Hello, my name is ***** ***** it is my pleasure to assist you with your question today.
If he has been continuously employed at his place of work for less than 2 years then his employment rights will be rather limited. Most importantly, he will not be protected against unfair dismissal. This means that his employer can dismiss him for more or less any reason, and without following a fair procedure, as long as their decision is not based on discriminatory grounds (i.e. because of gender, race, religion, age, a disability, sexual orientation, etc.) or because he was trying to assert any of his statutory rights (e.g. requesting paternity leave, etc.).
If the dismissal had nothing to do with any of the above exceptions then he would not be able to challenge it and his only protection would be if he was not paid his contractual notice period, because unless he was dismissed for gross misconduct, he would be entitled to receive his contractual notice period. Therefore to be on the safe side you should still issue him with the contractual notice period he is entitled to, although you do not have to provide a reason for the dismissal or follow a fair dismissal procedure.
Hope this clarifies your position? If you could please let me know that would be great, thank you
That sounds brilliant. There may be some very happy councillors this Christmas! Thank you very much. Just to confirm, we can simply say, effectively, "thank you very much for all you have done for us, but this is just not working out and we would like to terminate your contract with three months' notice as from to-day". Can we simply pay him his three months' salary ands suggest he leaves fairly immediately? Obviously we would try to do it nicely, but we are very conscious he will be vindictive if we don't get it legally right! Thank you!
yes you are able to simply issue him with notice of termination without providing a reason for your decision, he cannot challenge this in the circumstances. As to whether you can pay him off, does his contract say you can pay him in lieu of notice?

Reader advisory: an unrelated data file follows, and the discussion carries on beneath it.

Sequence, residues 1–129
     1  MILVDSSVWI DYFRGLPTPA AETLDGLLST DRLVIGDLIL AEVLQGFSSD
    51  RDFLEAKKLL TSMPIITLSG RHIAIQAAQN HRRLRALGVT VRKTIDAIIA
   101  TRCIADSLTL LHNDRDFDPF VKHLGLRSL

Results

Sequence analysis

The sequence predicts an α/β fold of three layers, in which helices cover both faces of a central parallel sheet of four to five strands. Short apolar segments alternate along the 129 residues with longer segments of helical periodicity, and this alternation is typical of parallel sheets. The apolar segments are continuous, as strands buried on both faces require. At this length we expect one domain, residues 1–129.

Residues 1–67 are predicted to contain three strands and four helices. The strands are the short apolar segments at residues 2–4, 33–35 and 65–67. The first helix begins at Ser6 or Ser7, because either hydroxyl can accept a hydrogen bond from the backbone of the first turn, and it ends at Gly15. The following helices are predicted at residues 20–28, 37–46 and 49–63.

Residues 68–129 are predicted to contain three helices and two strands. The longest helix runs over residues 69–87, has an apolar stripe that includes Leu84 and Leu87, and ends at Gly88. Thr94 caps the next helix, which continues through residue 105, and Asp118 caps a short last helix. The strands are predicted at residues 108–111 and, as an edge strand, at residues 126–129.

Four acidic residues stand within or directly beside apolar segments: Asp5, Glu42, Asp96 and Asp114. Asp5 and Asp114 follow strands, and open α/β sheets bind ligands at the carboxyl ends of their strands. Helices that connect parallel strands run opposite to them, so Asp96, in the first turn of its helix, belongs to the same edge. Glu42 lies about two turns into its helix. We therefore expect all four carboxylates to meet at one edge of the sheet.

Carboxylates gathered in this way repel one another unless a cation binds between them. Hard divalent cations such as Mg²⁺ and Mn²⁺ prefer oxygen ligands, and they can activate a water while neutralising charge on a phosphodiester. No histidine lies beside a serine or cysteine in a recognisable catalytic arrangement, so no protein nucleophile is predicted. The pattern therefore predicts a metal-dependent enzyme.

The contract says:" The length of notice which you are obliged to give to the Council to terminate your employment is three months. The length of notice which you are entitled to receive from the Council to terminate your employment is three months. Upon termination of your employment you are required to surrender to the Council any documents or materials that you have been holding on behalf of the Council."
It would be nice if he could be asked to leave before the 3 months, simply to avoid any possible reprisals if he still has access to council files, etc.
Technically the contract does not allow you to do this but you can still get around that if you ensure he is paid for anything he would have earned had he been allowed to work for the 3 months of his notice period. So you would have to pay him all normal pay for that period as well as for the holidays he would have accrued during that time. You also must consider any other payments or benefits of monetary value or equivalent which he would have been in receipt of. As long as you do that he would have no losses to claim for so cannot really claim for anything against you
Thank you very much indeed for your very quick and very helpful advice. I hope my daughter will be as useful when she (hopefull) finishes her OU law degree!!
You are welcome and all the best over the holidays
By the way can I print all this out?
yes you can, I am not sure what the options on the screen are though, there may be a 'share' button where the print option is hiding?
OK, will find it. Thank you and goodbye!